Ecosystem Predictions with Approximate vs. Exact Light Fields [report]

Curtis D. Mobley
2008 unpublished
LONG-TERM GOAL The overall goal of this work is to develop an extremely fast but accurate radiative transfer model, called EcoLight, for use in coupled physical-biological-optical ecosystem models, and then to demonstrate the ecological necessity and computational feasibility of including accurate light field predictions in coupled physical-biological-optical ecosystem models. OBJECTIVES Currently available ecosystem models often use fairly sophisticated treatments of the physics (e.g.,
more » ... n and upper-ocean thermodynamics and mixing) and biology (e.g., primary production, nutrient utilization, and grazing) but use grossly oversimplified treatments of the optics. The optics component of coupled ecosystem models is sometimes just a single equation parameterizing the scalar irradiance in terms of the chlorophyll concentration and a few parameters such as the solar zenith angle. Such simple models often fail even in Case 1 waters, and they can be wrong by orders of magnitude in Case 2 or optically shallow waters. The objective of this work was develop a radiative transfer model that can be used in coupled models to bring the optics component up to the level of accuracy and sophistication needed for ecosystem models that are being applied to any water body, including Case 2 and optically shallow waters. APPROACH The Hydrolight radiative transfer model (Mobley et al., 1993; Mobley 1994; provides an accurate solution of the radiative transfer equation (RTE) for any water body, given the absorption and scattering properties of the water body and boundary conditions such as incident sky radiance and bottom reflectance. However, the standard version of Hydrolight requires far too much computer time to make it suitable for use in ecosystem models where the light field must be computed at many grid points and at time intervals of order one hour. However, ecosystem models require only the scalar irradiance as a function of depth and wavelength, E o (z,λ), which makes it possible to solve an azimuthally averaged version of the radiative transfer equation (RTE), from which the irradiances can be obtained. Solving the azimuthally integrated RTE removes much of the computation load in Hydrolight, which solves for azimuthally dependent radiances. Report Documentation Page Form Approved OMB No. 0704-0188 Public reporting burden for the collection of information is estimated to average 1 hour per response, including the time for reviewing instructions, searching existing data sources, gathering and maintaining the data needed, and completing and reviewing the collection of information. Send comments regarding this burden estimate or any other aspect of this collection of information, including suggestions for reducing this burden, to Washington Headquarters Services, Directorate for Information Operations and Reports, 1215 Jefferson Davis Highway, Suite 1204, Arlington VA 22202-4302. Respondents should be aware that notwithstanding any other provision of law, no person shall be subject to a penalty for failing to comply with a collection of information if it does not display a currently valid OMB control number. Same as Report (SAR) 18. NUMBER OF PAGES 11 19a. NAME OF RESPONSIBLE PERSON a. REPORT unclassified b. ABSTRACT unclassified c. THIS PAGE unclassified Standard Form 298 (Rev. 8-98) Prescribed by ANSI Std Z39-18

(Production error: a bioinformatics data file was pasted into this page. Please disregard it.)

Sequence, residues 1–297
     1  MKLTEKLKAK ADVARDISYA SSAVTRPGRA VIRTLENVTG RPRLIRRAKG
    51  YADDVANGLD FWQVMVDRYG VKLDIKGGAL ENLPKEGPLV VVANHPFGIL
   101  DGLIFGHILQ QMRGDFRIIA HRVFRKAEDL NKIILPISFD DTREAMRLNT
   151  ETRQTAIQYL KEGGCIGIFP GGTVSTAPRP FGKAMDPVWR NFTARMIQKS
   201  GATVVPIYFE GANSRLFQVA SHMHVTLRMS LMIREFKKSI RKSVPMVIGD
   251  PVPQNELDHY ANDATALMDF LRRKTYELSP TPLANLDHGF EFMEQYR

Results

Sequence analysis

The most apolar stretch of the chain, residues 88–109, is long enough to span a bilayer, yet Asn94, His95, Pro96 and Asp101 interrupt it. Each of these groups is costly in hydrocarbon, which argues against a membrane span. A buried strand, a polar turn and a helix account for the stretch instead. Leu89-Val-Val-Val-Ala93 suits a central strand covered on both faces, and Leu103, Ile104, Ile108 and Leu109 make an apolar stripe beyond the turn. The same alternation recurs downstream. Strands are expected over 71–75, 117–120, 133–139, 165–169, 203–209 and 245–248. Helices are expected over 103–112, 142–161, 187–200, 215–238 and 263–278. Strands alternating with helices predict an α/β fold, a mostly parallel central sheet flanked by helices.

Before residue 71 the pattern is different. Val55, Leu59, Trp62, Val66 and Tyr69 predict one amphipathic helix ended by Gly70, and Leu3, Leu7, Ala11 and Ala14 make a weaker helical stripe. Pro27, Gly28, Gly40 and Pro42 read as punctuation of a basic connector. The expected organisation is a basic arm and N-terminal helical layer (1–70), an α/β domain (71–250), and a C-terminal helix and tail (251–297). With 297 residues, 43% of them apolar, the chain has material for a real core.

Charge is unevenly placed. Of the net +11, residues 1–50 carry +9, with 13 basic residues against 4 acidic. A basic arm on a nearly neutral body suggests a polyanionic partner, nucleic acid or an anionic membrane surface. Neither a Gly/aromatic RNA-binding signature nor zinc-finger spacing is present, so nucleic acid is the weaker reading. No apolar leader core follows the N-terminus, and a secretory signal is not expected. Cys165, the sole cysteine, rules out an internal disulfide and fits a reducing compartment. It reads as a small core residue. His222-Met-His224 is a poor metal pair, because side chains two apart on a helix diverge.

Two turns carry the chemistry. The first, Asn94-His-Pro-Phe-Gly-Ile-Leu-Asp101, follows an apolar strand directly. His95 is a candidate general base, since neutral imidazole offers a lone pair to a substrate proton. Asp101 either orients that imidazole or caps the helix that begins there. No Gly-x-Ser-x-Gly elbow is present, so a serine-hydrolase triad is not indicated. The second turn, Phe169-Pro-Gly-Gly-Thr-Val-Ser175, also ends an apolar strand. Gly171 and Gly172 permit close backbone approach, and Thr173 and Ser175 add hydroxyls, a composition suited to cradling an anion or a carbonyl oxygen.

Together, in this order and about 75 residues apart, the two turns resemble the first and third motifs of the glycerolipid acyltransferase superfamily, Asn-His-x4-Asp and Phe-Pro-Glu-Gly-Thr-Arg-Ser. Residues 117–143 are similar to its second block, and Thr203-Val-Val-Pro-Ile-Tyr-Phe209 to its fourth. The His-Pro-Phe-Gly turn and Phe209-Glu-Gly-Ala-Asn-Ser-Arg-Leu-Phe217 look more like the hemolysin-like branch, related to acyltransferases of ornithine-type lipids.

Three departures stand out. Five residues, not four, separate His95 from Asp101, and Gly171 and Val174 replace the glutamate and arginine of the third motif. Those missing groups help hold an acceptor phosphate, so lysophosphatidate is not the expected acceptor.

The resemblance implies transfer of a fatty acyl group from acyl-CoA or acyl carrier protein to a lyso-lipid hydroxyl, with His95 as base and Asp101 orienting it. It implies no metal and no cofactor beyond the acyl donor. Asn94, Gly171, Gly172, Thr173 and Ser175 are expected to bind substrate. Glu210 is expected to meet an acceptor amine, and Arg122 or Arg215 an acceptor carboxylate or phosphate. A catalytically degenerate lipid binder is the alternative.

doi:10.21236/ada519107 fatcat:rquftujrsvaefluihtx3hjor5i